U.S. President Barack Obama has met with Burmese opposition leader Aung San Suu Kyi during a historic trip to Burma (also known as Myanmar).
On November 19, Obama visited Suu Kyi at her home in Rangoon (also known as Yangon) where she spent nearly 15 years under house arrest, calling her an "icon of democracy."
His six-hour visit to the Southeast Asian nation is the first by a sitting U.S. president.
Obama told Suu Kyi that Washington strongly backed Burma's reform drive. "Our goal is to sustain the momentum for democratization," he said.
"That includes building credible government institutions, establishing rule of law, ending ethnic conflicts, and ensuring that the people of this country have access to greater education, health care, and economic opportunity," he added.
Burma's leaders have introduced sweeping reforms aimed at improving the dismal human rights record acquired over decades of military rule.
Suu Kyi was released in 2010 and has since gained a seat in parliament, and the military junta has made way for a nominally civilian government.
Obama's visit coincided with the release of at least 50 Burmese political prisoners, including prominent dissident Myint Aye, from prisons across Burma.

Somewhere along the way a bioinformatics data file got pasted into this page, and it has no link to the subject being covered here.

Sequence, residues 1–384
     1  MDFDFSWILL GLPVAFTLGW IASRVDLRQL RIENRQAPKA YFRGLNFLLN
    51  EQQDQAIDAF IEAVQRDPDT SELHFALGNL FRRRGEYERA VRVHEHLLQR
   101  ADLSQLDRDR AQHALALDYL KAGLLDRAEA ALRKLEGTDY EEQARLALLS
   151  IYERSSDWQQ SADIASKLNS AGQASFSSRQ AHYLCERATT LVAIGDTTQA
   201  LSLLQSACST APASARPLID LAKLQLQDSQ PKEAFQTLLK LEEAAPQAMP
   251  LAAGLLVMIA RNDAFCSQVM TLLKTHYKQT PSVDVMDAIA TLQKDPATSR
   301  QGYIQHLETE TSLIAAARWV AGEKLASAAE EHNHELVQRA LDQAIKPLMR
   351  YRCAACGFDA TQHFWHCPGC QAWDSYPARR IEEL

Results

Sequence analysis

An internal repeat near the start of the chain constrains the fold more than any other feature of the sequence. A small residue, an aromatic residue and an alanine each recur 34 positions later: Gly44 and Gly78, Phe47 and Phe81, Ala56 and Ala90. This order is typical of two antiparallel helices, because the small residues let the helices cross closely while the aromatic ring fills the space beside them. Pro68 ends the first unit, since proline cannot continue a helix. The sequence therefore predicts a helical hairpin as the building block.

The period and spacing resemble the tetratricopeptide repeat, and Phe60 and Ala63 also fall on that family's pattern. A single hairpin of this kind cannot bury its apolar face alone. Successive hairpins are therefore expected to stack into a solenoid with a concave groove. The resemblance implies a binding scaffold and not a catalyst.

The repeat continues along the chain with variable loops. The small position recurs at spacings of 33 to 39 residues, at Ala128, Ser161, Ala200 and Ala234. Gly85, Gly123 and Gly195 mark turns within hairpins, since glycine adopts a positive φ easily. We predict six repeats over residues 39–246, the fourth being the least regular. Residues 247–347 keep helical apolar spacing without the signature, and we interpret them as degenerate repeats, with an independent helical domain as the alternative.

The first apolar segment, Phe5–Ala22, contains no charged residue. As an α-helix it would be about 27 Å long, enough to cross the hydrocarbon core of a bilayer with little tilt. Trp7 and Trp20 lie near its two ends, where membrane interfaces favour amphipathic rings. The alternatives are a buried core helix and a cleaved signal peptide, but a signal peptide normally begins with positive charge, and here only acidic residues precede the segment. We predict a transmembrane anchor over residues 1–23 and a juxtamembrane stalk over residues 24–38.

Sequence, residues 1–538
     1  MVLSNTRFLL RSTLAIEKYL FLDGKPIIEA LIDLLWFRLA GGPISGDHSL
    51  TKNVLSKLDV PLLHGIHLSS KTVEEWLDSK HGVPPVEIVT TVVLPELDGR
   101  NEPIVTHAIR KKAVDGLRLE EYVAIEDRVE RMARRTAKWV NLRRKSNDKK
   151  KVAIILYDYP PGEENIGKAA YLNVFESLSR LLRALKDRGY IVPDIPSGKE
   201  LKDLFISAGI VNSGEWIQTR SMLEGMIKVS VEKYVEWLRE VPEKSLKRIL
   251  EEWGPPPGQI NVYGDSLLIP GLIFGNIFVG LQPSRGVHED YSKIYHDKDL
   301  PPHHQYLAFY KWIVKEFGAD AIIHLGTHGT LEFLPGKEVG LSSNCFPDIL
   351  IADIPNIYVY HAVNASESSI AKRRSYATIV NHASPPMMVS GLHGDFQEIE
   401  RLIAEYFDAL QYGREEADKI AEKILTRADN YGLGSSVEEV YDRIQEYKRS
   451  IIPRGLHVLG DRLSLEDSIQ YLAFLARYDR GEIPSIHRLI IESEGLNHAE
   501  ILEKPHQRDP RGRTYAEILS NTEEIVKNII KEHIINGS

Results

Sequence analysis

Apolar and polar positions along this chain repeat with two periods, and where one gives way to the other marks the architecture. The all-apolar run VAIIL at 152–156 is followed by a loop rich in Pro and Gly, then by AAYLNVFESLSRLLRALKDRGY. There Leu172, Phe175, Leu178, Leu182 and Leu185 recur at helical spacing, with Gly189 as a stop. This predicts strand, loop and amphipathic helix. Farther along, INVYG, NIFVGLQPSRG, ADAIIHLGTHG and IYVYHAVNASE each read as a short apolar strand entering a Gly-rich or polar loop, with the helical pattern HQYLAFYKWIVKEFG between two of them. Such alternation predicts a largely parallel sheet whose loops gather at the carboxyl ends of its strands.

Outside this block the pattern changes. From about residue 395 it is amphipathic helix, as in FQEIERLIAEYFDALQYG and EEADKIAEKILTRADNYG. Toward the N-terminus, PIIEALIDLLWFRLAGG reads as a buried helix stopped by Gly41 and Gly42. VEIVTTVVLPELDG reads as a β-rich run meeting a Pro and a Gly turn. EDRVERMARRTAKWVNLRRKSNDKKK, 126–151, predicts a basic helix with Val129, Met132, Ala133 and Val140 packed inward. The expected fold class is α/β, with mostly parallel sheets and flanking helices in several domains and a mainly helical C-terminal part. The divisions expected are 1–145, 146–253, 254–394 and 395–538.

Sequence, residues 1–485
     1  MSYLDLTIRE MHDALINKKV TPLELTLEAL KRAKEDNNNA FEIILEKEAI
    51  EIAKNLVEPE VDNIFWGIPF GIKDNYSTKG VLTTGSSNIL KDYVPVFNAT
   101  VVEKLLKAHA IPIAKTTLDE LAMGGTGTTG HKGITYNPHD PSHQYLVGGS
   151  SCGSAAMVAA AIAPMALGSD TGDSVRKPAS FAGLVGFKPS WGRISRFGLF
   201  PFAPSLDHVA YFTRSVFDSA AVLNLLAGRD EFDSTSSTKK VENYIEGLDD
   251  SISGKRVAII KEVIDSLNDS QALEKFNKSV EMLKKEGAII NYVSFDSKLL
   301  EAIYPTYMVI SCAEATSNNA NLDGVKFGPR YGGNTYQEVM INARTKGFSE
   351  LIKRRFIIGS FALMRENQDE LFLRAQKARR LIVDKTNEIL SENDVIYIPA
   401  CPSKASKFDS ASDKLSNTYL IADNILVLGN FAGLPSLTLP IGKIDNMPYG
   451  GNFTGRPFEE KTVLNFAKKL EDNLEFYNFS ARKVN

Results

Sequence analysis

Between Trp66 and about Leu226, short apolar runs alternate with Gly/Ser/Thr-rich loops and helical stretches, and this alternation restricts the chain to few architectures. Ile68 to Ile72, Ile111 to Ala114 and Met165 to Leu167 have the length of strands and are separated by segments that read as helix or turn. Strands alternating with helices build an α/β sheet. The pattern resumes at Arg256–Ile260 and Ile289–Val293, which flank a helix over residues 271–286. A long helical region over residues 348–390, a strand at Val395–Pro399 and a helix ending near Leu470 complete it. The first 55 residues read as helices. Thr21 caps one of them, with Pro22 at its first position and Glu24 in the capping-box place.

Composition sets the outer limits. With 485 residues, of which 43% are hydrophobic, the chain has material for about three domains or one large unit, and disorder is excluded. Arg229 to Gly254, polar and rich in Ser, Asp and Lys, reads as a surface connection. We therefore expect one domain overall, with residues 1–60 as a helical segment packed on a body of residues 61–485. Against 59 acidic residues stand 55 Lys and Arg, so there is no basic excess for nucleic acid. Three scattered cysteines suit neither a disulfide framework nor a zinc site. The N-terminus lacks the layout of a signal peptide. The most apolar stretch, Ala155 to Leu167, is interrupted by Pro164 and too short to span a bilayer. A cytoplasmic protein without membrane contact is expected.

Hope, Backed By Caution
For most people in Burma, Obama's visit marked the beginning of a new era of openness for the country, formerly treated as an international pariah.
Tens of thousands of people chanting "freedom" lined the streets of Rangoon to welcome the U.S. president.
Some human rights groups, however, say Burma's government, which still holds some 200 political prisoners and is struggling to contain ethnic violence, hasn't done enough to earn a visit from Obama.
Suu Kyi herself sounded a note of caution.
"The most difficult time in any transition is when we think that success is in sight," she said.
"Then we have to be very careful that we're not lured by the mirage of success and that we are working toward genuine success for our people and for the friendship between our two countries."
Earlier on November 19, Obama met with President Thein Sein, who has orchestrated much of his country's transition to democracy.
The U.S. president ended his visit with a televised speech at a Rangoon university in which he offered a "hand of friendship" and lasting U.S. support.
But Obama also acknowledged Burma's many democratic shortcomings and warned that its new civilian government must nurture democracy or watch U.S. support disappear.
His trip to Burma was part of a four-day tour of Southeast Asia that began in Bangkok and will end on November 20 in Cambodia, where he will attend an East Asia summit.
With reporting by AP, Reuters, AFP, and dpa